Just imagine yourself in your new BMW or Porsche racing around the autobahn before jetting home to meet your automobile stateside. It’s an available option that even comes with an array of VIP perks such as significant discounts from a car’s list price and special-access factory tours.
Here is what you can expect from some European car companies.
Aside from the thrill of driving on public roads at a legal 155 mph—the electronically governed limit on most German cars—the greatest appeal of Mercedes-Benz’s European delivery program is a 7 percent discount on the retail price of most models. It also comes with niceties such as 15 days of zero-deductible comprehensive insurance, shipping costs to the United States, and a tour of the factory.
Mercedes-Benz recommends placing your order through a local dealer four months in advance but notes it can sometimes accommodate requests in as few as three weeks.
The optional Black Forest-Alps Rally package ($1,300 per couple) offers a self-guided tour of the region with four nights at a luxury hotel. And no visit to Stuttgart would be complete without a stop at the new Mercedes-Benz museum. Housed in a daring example of modern architecture, the museum exhibits the company’s century-plus history in a broad pathway that winds gradually downward through several stories to the ground floor.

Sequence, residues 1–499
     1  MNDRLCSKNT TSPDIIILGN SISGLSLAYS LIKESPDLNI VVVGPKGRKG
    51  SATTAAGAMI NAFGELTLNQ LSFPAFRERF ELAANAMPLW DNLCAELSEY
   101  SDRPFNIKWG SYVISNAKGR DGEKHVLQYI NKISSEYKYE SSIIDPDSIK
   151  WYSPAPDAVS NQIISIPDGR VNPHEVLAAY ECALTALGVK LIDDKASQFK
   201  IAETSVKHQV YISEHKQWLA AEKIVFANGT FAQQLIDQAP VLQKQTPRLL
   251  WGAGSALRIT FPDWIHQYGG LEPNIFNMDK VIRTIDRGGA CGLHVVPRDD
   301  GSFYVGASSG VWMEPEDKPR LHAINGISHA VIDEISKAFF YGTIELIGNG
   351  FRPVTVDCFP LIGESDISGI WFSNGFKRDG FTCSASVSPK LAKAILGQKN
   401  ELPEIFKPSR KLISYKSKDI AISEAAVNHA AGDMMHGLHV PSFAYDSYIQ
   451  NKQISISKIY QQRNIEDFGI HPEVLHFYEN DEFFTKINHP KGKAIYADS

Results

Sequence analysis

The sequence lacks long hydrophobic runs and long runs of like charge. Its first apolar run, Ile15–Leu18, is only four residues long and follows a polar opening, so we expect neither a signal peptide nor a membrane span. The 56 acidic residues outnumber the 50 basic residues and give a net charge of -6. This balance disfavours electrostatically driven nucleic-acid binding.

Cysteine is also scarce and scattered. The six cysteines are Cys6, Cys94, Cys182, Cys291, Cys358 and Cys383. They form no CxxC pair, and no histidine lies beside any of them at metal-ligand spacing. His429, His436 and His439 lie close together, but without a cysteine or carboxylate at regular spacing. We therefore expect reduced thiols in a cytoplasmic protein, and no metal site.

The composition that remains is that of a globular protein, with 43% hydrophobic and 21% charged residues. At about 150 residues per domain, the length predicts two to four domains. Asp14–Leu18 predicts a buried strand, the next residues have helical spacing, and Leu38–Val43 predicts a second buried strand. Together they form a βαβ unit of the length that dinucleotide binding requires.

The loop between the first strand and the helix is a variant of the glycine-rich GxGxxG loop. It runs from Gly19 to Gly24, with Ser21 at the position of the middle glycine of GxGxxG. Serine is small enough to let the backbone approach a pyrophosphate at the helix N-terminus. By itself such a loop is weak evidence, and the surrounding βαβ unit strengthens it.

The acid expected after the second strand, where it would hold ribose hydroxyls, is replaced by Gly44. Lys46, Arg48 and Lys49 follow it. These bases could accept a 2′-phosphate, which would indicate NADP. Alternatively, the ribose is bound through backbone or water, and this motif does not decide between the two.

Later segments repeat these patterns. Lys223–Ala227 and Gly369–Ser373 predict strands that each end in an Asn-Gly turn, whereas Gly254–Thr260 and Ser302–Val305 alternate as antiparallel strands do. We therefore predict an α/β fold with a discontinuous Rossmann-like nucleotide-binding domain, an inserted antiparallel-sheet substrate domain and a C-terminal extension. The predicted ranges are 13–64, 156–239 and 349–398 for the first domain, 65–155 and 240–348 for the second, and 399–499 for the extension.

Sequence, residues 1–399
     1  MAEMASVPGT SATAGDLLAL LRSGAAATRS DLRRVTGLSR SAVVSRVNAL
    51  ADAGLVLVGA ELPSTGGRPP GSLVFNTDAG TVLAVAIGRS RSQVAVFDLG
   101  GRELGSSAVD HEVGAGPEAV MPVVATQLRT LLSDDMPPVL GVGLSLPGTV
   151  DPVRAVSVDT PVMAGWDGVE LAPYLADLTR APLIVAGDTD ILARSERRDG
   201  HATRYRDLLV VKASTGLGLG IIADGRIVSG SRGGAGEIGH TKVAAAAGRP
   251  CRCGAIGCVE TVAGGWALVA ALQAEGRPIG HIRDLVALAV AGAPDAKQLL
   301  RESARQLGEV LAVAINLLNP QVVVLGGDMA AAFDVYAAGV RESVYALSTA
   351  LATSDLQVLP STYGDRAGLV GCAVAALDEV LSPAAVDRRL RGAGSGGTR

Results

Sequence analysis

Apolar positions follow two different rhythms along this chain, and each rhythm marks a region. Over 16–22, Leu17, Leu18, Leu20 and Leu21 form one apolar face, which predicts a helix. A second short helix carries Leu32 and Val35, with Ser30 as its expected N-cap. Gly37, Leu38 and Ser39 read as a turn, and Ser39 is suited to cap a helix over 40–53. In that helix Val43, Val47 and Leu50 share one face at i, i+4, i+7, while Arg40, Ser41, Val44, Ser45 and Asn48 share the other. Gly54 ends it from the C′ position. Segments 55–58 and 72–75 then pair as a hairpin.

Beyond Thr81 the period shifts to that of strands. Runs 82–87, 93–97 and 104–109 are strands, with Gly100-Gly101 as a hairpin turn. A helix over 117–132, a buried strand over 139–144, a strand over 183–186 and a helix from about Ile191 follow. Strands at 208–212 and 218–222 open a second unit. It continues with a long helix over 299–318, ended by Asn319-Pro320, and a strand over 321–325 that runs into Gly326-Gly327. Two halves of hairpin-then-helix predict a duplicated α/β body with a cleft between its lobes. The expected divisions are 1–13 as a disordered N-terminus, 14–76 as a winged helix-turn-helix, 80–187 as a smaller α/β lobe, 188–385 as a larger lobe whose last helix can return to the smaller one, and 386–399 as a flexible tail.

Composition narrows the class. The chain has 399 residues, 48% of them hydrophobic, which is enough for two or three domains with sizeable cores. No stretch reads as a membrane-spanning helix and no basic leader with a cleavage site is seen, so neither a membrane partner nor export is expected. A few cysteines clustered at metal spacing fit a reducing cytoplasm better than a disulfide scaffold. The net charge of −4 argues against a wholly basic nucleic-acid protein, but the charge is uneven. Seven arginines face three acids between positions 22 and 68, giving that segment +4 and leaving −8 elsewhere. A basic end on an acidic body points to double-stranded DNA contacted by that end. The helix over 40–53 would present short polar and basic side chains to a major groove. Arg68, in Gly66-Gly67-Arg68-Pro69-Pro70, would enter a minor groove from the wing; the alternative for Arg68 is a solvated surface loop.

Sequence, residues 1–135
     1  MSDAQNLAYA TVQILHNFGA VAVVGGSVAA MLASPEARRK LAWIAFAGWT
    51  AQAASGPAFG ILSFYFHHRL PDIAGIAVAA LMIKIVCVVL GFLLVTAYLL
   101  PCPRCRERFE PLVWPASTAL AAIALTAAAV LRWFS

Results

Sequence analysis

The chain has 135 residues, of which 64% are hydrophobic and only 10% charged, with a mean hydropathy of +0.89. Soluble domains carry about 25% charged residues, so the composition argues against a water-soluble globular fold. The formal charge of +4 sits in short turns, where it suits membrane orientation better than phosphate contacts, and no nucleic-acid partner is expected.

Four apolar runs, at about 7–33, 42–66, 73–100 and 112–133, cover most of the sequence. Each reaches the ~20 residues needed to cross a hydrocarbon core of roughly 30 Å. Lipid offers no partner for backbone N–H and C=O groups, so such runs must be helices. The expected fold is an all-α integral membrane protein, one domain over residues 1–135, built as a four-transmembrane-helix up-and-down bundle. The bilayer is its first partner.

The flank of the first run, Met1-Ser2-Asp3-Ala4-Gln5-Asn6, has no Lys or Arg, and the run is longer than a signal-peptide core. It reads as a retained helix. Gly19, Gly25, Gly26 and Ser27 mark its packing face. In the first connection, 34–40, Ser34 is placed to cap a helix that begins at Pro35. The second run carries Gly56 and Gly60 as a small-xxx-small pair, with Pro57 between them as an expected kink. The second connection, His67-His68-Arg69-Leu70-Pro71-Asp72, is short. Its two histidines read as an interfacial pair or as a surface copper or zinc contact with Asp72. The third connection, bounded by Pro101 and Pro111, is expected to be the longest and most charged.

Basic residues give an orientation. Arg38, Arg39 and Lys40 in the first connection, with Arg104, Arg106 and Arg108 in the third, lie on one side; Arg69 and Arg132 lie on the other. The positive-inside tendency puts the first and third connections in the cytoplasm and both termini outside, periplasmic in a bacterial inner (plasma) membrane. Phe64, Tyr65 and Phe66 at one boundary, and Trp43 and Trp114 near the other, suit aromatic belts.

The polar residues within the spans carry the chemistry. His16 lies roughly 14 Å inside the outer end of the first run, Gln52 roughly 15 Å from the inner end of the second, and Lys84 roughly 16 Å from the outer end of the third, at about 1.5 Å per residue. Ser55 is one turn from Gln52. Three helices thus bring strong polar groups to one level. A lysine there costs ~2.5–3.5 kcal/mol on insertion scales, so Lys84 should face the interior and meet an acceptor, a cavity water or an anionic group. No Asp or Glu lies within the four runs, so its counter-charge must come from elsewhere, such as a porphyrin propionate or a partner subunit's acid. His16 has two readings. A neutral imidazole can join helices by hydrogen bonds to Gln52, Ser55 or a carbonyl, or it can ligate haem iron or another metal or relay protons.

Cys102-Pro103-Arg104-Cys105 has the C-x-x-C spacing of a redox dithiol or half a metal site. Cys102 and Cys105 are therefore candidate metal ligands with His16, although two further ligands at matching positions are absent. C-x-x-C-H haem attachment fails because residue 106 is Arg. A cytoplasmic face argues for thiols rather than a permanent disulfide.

Not only is European delivery a good excuse to visit Germany, but it actually makes financial sense. Cars purchased through BMW’s program qualify for discounts of up to seven percent, which can usually cover the expense of a roundtrip business-class ticket on Lufthansa. BMW’s list of extras include 14 days of zero-deductible comprehensive insurance, shipping costs to the United States, and a visit to the manufacturer’s museum in Munich.
If you haven’t made other plans for your time in Europe, BMW offers buyers a trio of self-guided tours: Lakeside, Alpine, and Castles. Each lasts five days and costs between $3,100 and $3,650 per person. BMW’s Munich location is easily accessible to Austria, Switzerland, Italy, and France.
A note: Since BMW’s X5 and Z4 models are built in the United States, they cannot be purchased through the European delivery program.
If there’s one marque that begs for European roads, it’s Porsche—and that’s why it’s almost criminal to pass up a chance to master the winding Tuscan lanes or Alpine passes before the car settles into life as a commuter or a weekend warrior. Depending on the model you order, you’ll head to one of two locations: Most sports cars are built near Stuttgart, Germany, while Porsche assembles Cayennes in the former East German city of Leipzig.
Unlike most programs, European delivery from Porsche is an extra cost option that will add a few thousand dollars to a car’s list price. That said, the Porsche program includes the expected perks: comprehensive insurance, shipment back to the United States, and a complimentary hotel room during your first night in Europe. It also comes with optional tour packages and a 35 percent discount for first- and business-class flights on Lufthansa.